Derna, the small city and port on the north coast of East Libya, has long been a haven for Salafist-Jihadists. Some three years ago I wrote this in a blog piece about Derna.  ‘Today, barring an unforeseen accident, Derna is the lair an Islamist warlord called Sufian Ben Qumu. Ben Qumu’s ‘private’ militia amalgamated with two other radical Islamist armed groups, the Army of the Islamic State of Libya and the Derna branch of Ansar Sharia, to form the Shura Council of Islamic Youth. There are strong elements within this amalgamated group which have ties to Al Qaida. The Shura Council of Islamic Youth has gained a reputation for violence and militancy. It has carried out at least two public executions in Derna which have been condemned by Amnesty International’

Since I wrote the above Derna has had the doubtful pleasure of a period of Islamic State rule. The IS folk were evicted and the city is now ruled by the Shura Council of Muhajideen in Derna. I suggest it is likely that this organisation has evolved from the Shura Council of Islamic Youth and has strong connections with Ansar Sharia and Al Qaeda in the Islamic Maghreb. Derna is geographically isolated and I suspect the Haftar has it well contained and will try to deal with it later, avoiding collateral damage as far as possible. He cannot leave the problem unresolved much longer.

Haftar’s three year long campaign to remove Islamist-Jihadist forces from Benghazi has been successful. It has been protracted because of the nature of guerrilla warfare in cities.Those interested in what is a relatively modern military problem will find this paper worth reading. It has also been hampered by Haftar’s lack of a navy thus allowing reinforcements and supplies to reach the militants from Misrata, across the Gulf of Sirte. Benghazi now has a relatively stable municipal government led by its mayor, Abdelrahmen el-Abbar. The Abbar family is prominent in the Awaquir tribe. The Awaquir is one of the nine  Sa’adi tribes and its homeland surrounds Benghazi. Hafter must be concerned that pockets of militants remain in Benghazi’s Sabri and Suq al-Hout districts.  His Libyan National Army spearheaded by experienced special force launched an attack on militants in these two districts on 8th May 2017.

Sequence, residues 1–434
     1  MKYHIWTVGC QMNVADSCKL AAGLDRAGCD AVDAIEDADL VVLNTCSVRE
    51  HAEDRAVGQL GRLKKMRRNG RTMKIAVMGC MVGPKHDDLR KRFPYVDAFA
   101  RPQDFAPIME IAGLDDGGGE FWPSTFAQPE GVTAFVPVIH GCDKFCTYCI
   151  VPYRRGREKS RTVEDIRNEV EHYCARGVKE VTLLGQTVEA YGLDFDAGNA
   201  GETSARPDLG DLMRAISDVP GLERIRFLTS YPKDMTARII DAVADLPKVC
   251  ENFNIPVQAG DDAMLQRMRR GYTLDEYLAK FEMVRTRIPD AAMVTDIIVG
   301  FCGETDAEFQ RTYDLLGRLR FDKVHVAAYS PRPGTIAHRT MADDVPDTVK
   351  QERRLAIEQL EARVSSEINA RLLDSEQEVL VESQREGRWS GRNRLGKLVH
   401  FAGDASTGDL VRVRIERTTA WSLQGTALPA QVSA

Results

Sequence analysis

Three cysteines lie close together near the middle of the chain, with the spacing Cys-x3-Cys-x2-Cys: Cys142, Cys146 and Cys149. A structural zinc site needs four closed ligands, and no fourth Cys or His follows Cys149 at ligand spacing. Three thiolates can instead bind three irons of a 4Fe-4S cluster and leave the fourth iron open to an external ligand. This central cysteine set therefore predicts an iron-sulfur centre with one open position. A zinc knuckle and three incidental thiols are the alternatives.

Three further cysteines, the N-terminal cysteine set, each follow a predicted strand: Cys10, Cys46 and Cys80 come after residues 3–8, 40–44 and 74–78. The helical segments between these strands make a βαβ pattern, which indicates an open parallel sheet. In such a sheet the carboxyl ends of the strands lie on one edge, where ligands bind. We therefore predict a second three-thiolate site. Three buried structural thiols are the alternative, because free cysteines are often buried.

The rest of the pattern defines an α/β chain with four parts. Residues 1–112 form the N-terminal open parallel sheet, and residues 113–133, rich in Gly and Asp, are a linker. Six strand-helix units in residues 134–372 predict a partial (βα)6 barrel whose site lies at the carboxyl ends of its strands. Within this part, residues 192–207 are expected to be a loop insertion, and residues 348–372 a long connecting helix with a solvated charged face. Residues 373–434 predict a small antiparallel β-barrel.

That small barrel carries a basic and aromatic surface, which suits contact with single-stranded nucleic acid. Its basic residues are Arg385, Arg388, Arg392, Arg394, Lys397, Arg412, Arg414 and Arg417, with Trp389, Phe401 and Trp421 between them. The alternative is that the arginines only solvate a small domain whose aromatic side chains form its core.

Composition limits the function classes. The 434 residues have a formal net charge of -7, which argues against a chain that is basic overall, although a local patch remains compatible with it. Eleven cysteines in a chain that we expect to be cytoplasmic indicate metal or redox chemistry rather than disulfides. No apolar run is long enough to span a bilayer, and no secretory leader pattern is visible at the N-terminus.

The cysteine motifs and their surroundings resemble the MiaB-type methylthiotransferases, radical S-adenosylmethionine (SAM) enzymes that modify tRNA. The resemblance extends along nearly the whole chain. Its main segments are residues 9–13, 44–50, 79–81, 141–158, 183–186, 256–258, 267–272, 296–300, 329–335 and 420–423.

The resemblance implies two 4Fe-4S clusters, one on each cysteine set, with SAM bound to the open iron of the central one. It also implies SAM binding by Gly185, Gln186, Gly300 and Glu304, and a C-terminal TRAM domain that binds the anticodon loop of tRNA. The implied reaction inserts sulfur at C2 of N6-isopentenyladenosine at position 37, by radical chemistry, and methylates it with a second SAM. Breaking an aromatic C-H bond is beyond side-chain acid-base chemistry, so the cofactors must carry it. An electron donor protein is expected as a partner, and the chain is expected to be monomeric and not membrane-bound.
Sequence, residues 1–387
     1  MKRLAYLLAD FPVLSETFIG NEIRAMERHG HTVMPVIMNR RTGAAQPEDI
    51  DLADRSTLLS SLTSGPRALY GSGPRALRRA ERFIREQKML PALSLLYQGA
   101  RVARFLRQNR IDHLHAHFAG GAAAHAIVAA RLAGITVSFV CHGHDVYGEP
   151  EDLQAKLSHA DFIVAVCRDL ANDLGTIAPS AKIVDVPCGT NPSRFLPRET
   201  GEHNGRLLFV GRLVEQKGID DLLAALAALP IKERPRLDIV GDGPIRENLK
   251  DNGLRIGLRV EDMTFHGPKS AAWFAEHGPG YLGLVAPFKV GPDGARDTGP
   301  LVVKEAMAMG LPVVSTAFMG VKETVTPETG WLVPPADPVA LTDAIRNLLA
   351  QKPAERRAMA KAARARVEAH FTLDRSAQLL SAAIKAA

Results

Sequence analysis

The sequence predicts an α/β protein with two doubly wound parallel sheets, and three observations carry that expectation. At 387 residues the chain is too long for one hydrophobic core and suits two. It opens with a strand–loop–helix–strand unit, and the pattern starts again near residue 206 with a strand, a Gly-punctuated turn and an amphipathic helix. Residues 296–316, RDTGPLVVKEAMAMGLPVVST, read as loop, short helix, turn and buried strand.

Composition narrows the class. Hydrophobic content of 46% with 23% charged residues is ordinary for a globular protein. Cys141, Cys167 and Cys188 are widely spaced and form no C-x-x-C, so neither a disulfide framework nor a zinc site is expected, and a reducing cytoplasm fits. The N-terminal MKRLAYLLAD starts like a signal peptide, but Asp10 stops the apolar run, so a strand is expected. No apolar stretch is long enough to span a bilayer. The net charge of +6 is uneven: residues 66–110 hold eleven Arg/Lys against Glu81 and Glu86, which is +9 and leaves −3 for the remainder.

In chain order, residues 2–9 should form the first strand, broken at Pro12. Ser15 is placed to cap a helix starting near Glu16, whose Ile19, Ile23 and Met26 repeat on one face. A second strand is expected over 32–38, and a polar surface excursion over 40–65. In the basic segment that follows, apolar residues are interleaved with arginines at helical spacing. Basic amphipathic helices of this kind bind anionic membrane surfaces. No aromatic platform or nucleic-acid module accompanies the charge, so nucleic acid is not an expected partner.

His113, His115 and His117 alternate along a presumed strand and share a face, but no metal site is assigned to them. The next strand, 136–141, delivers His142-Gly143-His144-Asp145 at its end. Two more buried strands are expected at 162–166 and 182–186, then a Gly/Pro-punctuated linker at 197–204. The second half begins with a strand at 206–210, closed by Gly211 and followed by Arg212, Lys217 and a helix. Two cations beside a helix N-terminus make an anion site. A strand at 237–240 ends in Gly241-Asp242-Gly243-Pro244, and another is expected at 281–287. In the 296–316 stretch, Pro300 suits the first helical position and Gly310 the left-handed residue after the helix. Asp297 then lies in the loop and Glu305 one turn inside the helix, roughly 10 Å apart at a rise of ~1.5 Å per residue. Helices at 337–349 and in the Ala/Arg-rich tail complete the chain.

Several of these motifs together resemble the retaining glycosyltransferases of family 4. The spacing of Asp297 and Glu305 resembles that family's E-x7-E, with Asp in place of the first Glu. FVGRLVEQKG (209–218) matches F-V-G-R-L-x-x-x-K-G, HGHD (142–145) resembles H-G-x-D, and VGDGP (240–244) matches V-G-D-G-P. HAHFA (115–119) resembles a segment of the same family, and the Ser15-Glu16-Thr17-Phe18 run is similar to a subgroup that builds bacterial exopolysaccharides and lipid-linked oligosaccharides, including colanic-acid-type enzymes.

Particularly interesting now is the Shura Council of Benghazi Revolutionaries. In my view this body has Ansar Sharia as its mainstay and is likely to be allied to Al Qaeda in the Islamic Maghreb. It is its connection with the Benghazi Defence Brigades which must trouble Haftar. They were formed under the banner of Sheik Sadiq Ghariani and appear to be based in or near Misrata. This unit was strong enough to take Haftar’s forces unawares and evict them briefly from the important Oil Crescent facilities of Ben Jawad and Nuflia. It is also supported by the Muslim Brotherhood and thus by ‘political Islam’.